“As soon as we learn the true relationship in which we stand toward God (namely, God is our Father, and we are his children), then at once prayer becomes natural and instinctive on our part (Matt. 7:7–11). Many of the so-called difficulties about prayer arise from forgetting this relationship. Prayer is the act by which the will of the Father and the will of the child are brought into correspondence with each other. The object of prayer is not to change the will of God, but to secure for ourselves and for others blessings that God is already willing to grant, but that are made conditional on our asking for them. Blessings require some work or effort on our part before we can obtain them. Prayer is a form of work, and is an appointed means for obtaining the highest of all blessings.”

    Good topic.

  5. “Maybe that’s what faith really is. Moving forward even when our prayers go unanswered and the path is unclear. To know that God is listening, even when you feel like your prayers are fading into unresponsive air.”

    What I needed, after much frustration in the past little while.

    And music is so often full of unexpected answers.

    Thank you!

  6. Not to be a stinker but I don’t think there are unanswered prayers. I think sometimes the answer is “no” or “wait” or “you decide.” I think we mistake those answers for no answer. Of course thouse answers still take a lot of faith to receive.

  7. I think an “unanswered prayer” is one where the answer is “no.” Just a wording thing. And if that is the case, I have experienced many of those and for some of those “no’s,” I am grateful. But not all.

  8. LOVED this!

    For answers to prayer over the years I have gotten “Yes”, “No”, “Yes, but not right now” (seriously–those were the EXACT words) and what I would term “the stare” which is probably as close to an unanswered prayer as I can think–it’s when I don’t get a clearly defined or understandable reply to my pleadings. The times when I’ve gotten “the stare” are most often times when I’ve asked for something that either isn’t in my best interest (which I don’t usually come to accept for awhile) or when I ask something without enough information on my end (like when I asked if it was right for me to serve a mission BEFORE my husband-to-be came along and changed all of the variables) or when I am asking God to do something for me or make a decision for me that I need to do for myself–that “study it out in your mind” part.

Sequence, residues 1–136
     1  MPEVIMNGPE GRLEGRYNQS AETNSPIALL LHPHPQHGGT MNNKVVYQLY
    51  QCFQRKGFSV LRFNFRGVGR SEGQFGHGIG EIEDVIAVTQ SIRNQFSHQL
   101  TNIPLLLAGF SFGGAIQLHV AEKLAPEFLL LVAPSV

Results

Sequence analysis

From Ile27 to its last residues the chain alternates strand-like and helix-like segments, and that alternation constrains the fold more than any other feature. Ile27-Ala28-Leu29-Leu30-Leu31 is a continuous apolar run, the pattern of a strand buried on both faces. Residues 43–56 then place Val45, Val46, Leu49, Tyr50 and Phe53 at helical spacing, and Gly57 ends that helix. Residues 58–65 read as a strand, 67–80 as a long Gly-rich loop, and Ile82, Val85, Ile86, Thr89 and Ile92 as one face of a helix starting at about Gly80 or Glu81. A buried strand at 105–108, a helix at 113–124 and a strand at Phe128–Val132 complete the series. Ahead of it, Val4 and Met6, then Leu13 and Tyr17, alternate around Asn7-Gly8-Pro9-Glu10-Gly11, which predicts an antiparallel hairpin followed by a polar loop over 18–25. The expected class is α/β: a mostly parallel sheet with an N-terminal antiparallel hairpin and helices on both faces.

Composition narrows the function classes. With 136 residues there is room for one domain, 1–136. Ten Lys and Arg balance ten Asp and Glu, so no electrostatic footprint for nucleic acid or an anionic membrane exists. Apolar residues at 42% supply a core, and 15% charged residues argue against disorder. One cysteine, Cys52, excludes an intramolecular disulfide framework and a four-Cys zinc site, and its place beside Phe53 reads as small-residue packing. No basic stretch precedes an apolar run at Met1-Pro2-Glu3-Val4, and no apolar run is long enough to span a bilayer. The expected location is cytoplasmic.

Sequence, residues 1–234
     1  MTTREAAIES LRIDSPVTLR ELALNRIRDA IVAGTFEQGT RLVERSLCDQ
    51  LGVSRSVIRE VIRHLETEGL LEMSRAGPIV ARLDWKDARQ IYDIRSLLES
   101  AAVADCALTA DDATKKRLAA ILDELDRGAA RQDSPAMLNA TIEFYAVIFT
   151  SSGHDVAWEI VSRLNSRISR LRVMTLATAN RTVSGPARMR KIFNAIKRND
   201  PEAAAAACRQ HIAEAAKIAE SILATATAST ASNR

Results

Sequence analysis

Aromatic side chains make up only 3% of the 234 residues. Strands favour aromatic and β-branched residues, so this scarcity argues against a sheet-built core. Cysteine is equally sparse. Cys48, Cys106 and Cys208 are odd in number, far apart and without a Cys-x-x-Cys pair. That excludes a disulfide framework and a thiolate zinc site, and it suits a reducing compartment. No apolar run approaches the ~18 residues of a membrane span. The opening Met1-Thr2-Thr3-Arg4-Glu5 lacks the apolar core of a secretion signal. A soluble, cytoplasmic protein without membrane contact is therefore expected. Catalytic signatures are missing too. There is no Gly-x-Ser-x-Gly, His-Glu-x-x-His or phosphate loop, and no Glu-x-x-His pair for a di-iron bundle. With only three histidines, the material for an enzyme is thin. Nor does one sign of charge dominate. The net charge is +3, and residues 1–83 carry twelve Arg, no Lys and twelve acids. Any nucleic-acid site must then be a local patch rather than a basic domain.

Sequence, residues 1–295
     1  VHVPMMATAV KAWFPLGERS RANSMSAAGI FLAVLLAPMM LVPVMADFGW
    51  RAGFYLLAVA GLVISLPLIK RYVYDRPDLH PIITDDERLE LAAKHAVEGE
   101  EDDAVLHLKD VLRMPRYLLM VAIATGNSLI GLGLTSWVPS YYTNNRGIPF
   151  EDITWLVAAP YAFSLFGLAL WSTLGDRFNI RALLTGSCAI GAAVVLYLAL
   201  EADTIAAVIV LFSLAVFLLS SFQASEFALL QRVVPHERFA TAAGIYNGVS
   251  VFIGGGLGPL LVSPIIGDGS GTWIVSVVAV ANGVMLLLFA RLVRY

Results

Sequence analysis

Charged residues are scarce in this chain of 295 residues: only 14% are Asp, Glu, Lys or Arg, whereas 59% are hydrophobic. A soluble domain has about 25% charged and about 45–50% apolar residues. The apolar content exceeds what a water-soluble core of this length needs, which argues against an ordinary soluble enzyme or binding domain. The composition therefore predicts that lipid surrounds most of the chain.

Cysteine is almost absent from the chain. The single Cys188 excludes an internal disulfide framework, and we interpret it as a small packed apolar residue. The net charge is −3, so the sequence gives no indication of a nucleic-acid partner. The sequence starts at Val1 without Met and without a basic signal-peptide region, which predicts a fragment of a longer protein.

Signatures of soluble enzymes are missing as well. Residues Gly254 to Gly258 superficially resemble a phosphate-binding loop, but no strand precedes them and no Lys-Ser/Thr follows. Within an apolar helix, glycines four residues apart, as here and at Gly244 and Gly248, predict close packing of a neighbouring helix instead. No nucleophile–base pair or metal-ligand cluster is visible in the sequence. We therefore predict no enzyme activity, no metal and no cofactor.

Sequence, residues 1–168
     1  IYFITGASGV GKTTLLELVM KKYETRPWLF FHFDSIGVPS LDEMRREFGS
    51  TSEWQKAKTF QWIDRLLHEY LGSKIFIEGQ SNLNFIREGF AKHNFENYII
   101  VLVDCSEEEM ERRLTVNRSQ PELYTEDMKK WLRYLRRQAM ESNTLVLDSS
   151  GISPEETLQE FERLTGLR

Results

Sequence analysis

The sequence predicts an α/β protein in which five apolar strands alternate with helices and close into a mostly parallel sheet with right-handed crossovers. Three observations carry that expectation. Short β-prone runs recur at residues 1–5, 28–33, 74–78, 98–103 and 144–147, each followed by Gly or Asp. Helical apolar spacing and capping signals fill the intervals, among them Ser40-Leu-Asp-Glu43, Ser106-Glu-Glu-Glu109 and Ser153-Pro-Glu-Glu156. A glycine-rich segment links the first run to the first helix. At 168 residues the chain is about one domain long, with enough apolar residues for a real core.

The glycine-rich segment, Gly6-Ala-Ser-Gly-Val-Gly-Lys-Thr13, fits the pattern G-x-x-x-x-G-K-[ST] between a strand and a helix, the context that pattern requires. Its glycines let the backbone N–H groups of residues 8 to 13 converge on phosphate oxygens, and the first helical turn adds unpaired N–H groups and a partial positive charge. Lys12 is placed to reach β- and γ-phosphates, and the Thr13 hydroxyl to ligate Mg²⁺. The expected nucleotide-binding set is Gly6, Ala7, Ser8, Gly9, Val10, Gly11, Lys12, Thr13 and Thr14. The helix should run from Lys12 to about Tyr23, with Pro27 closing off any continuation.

How do I handle unanswered prayers? I try to just keep coming back–in prayer, in scripture study, in faithfulness. It is hard but I have found great compensatory blessings from the Lord that help me cope with life when it doesn’t go how I want, as long as I keep coming back to him.

  9. “Prayer is a form of work”…..hmmm… hadn’t thought about it that way before.I am, however, very familiar with “the stare”, and really hate it when it comes!!

  10. Over the years, my prayers have changed. I used to ask for things, things I thought were “righteous” and thus deserved. Now I just talk with God — all the time. I am always thanking him for whatever is in front of me or inside of me at the moment, even the challenging things. Prayer is certainly a kind of discipline (work?) but it is pure joy for me. I rarely ask for anything because how do I know what to ask for? What I’ve learned is that God DOES answer our prayers and my task is to ask for the right thing. Because it IS true that the asking is critical to getting what we want. And what I want is to align my will with God’s. When I take the talk-to-God time to figure that out, sometimes over the course of years, I sometimes have the indescribable and sacred experience of KNOWING that my prayer request is heard and approved, in the moment that I ask. I experience that alignment of wills in that moment. And there is nothing sweeter than to be one with God.